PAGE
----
Classification of lumbopelvic pain disorders--why is it essential for management?

Curtin University of Technology, School of Physiotherapy, GPO Box U1987, Perth WA 6845, Australia.
Manual Therapy (Impact Factor: 2.24). 09/2006; 11(3):169-70.
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    ABSTRACT: Non-specific low back pain (NSLBP) accounts for over 85% of all low back pain. Homogenous subgroups may exist within this diagnosis. This study derived a clinical examination and evaluated the examination's ability to identify homogenous subgroups in NSLBP. Patients with NSLBP were examined using a standardized clinical examination. Each patient was examined by two physiotherapists. Data were analysed for item reliability and the presence of distinct subgroups using cluster analysis. Cross-validation of the clusters identified was conducted. Three hundred and one patients were examined. The inter-tester reliability of the majority of items was moderate to substantial (52% of items with kappa > 0.40). A K-means cluster analysis of the two data sets revealed agreement on the presence of two subgroups. One group (n = 47, 16%) had higher fear avoidance beliefs, anxiety and disability. They were more likely to be provoked by pain provocative tests. They were also more likely to be judged as having central sensitization and a dominant psychosocial component to their presentation. The identification of a group of hypervigilant NSLBP patients should allow the interventions to be targeted towards this group. A valid, standardized clinical examination does contribute to the diagnostic management of NSLBP.
    Physiotherapy Research International 06/2012; 17(2):92-100.
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    ABSTRACT: A cross-sectional study between subgroups of nonspecific chronic low back pain (NSCLBP) and asymptomatic controls. To investigate NSCLBP subgroup differences in spinal position sense and trunk muscle activity when repositioning thoracic and lumbar spine into neutral (midrange) spinal position during sitting and standing. Patients with NSCLBP report aggravation of symptoms during sitting and standing. Impaired motor control in NSCLBP, associated with sitting and standing postures nearer the end range of spinal motion, may be a contributing factor. Rehabilitation improving neutral (midrange) spinal position control is advocated. Postural and motor control alterations vary in different NSCLBP subgroups, potentially requiring specific postural interventions. There is limited evidence on whether subgroup differences exist when performing neutral spine position tasks. Ninety patients with NSCLBP and 35 asymptomatic controls were recruited. Two blinded practitioners classified NSCLBP into subgroups of active extension pattern and flexion pattern. Participants were assisted into neutral spine position and asked to reproduce this position 4 times. Absolute, variable, and constant errors were calculated. Three-dimensional thoracic and lumbar kinematics quantified the repositioning accuracy and surface electromyography assessed back and abdominal muscles activity bilaterally. Irrespective of subclassification, patients with NSCLBP produced significantly greater error magnitude and variability than the asymptomatic controls, but subgroup differences were detected in the error direction. Subgroup differences in the trunk muscle activity were not consistently identified. Although both subgroups produced significantly higher abdominal activity, subclassification revealed difference in superficial multifidus activity during standing, with flexion pattern producing significantly greater activity than the asymptomatic controls. Subgroups of NSCLBP had similar neutral spinal position deficits regarding error magnitude and variability, but subclassification revealed clear subgroup differences in the direction of the deficit. The trunk muscle activation was shown to be largely nondiscriminatory between subgroups, with the exception of superficial lumbar multifidus.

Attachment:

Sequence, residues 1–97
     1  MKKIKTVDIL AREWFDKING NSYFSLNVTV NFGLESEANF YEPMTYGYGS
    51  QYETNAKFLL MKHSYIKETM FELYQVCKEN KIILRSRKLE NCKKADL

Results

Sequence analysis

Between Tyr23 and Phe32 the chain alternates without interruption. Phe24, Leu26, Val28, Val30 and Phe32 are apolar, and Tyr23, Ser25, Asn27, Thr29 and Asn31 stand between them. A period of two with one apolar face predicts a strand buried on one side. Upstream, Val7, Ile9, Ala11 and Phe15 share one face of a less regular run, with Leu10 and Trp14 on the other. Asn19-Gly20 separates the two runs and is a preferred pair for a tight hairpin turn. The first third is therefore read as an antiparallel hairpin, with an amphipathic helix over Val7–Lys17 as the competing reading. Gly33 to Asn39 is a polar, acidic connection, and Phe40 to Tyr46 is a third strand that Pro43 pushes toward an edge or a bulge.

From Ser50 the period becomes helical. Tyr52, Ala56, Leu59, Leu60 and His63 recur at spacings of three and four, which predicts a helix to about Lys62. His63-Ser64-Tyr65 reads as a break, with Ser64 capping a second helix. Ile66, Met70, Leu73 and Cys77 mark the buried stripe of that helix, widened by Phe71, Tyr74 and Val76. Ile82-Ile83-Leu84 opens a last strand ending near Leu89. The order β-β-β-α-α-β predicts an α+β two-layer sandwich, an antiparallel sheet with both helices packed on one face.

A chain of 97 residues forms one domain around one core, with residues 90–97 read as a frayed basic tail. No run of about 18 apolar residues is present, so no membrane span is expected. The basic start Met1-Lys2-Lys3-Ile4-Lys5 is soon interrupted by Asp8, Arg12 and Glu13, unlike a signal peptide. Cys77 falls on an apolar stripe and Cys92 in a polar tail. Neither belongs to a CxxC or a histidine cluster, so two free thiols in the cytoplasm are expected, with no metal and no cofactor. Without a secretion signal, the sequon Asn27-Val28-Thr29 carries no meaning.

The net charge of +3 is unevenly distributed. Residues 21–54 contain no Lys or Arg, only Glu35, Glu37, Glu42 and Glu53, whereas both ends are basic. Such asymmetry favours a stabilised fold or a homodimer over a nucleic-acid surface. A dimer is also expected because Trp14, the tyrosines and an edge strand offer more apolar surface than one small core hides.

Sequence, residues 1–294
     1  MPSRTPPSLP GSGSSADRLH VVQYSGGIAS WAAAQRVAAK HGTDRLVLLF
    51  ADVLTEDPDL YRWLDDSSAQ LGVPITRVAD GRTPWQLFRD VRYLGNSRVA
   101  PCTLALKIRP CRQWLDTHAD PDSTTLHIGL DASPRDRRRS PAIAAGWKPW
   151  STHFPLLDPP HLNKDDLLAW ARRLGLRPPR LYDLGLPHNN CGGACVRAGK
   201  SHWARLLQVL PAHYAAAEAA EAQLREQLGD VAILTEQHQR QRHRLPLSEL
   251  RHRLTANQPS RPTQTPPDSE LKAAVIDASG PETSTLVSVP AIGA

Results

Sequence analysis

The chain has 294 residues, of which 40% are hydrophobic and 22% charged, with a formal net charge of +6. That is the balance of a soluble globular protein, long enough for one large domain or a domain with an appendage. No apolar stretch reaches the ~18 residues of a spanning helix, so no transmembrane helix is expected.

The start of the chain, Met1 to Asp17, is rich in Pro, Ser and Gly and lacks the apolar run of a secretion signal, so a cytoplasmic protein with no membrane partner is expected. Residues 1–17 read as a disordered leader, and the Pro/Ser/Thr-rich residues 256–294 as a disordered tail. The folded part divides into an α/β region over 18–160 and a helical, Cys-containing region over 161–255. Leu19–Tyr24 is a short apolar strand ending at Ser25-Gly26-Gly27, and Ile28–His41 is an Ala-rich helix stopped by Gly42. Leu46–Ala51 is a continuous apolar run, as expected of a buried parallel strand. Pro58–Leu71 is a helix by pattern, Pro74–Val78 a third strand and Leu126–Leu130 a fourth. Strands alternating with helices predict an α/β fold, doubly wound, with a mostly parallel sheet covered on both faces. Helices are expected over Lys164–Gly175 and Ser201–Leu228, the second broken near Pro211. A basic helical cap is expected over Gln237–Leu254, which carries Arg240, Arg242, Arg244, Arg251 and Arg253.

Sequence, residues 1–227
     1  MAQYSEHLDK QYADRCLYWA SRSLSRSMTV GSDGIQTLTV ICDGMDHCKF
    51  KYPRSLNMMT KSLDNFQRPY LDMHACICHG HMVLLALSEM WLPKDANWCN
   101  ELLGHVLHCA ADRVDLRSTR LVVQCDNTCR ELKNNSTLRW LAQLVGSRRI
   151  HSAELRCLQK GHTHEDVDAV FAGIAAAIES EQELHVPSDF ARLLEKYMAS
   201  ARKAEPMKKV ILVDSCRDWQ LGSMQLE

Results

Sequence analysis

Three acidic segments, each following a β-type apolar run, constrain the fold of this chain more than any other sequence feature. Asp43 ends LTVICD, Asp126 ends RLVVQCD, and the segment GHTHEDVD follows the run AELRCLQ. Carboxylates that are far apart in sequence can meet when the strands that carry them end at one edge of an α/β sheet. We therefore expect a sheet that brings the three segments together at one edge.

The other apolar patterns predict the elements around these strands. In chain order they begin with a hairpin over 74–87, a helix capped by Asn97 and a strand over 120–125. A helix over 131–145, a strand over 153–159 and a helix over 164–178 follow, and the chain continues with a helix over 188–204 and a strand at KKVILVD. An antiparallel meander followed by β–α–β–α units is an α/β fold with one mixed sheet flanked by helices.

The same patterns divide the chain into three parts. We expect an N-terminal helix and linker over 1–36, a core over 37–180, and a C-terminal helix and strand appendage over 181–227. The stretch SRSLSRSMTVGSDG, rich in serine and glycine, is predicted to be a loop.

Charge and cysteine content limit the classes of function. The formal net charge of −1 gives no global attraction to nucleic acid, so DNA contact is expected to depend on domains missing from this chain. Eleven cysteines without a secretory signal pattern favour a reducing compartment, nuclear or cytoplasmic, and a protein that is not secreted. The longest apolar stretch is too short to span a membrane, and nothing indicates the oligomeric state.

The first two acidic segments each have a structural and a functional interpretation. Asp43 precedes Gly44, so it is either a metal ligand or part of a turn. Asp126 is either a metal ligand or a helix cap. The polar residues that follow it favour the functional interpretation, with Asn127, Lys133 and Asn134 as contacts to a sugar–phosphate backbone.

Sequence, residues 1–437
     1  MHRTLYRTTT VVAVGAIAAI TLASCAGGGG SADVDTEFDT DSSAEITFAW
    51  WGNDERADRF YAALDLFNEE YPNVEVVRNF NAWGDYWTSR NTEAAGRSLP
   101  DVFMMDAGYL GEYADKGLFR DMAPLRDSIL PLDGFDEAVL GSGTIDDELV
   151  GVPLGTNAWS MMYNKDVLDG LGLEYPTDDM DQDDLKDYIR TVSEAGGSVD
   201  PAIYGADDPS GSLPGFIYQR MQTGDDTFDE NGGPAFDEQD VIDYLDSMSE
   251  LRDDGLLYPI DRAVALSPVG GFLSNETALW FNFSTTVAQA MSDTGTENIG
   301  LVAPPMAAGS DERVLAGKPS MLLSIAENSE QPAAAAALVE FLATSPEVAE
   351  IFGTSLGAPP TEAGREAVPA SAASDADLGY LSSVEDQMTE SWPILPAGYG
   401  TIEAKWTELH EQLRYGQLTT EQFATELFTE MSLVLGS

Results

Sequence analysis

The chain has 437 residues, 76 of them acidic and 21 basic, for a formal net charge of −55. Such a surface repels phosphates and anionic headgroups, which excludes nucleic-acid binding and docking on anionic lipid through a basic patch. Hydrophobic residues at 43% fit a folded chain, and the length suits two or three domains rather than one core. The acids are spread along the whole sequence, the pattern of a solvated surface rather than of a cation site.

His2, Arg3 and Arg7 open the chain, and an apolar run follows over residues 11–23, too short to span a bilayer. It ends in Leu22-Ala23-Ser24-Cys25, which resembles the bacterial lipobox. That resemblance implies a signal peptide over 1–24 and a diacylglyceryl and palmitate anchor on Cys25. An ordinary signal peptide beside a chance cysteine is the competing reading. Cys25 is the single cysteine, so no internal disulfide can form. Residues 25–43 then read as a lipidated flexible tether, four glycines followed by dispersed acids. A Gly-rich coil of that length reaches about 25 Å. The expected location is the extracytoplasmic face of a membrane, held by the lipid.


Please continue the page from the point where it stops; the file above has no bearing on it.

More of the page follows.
Spine 10/2011; 37(8):E486-95. · 2.16 Impact Factor
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    ABSTRACT: Stratified care for back pain involves targeting treatment to subgroups of patients based on their key characteristics such as prognostic factors, likely response to treatment and underlying mechanisms. It aims to tailor therapeutic decisions in ways that maximise treatment benefit, reduce harm and increase health-care efficiency by offering the right treatment to the right patient at the right time. From being called the 'Holy Grail' of back pain research over a decade ago, stratified care is becoming the zeitgeist in research and clinical practice. In this chapter, we introduce and evaluate the quality and underpinning evidence for three examples of stratified care for back pain to highlight their general principles, research design issues and clinical practice implications. We include consideration of their merits for implementation in practice. We conclude with a set of remaining, key research questions.
    Best practice & research. Clinical rheumatology 10/2013; 27(5):649-61. · 2.90 Impact Factor


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Jun 19, 2013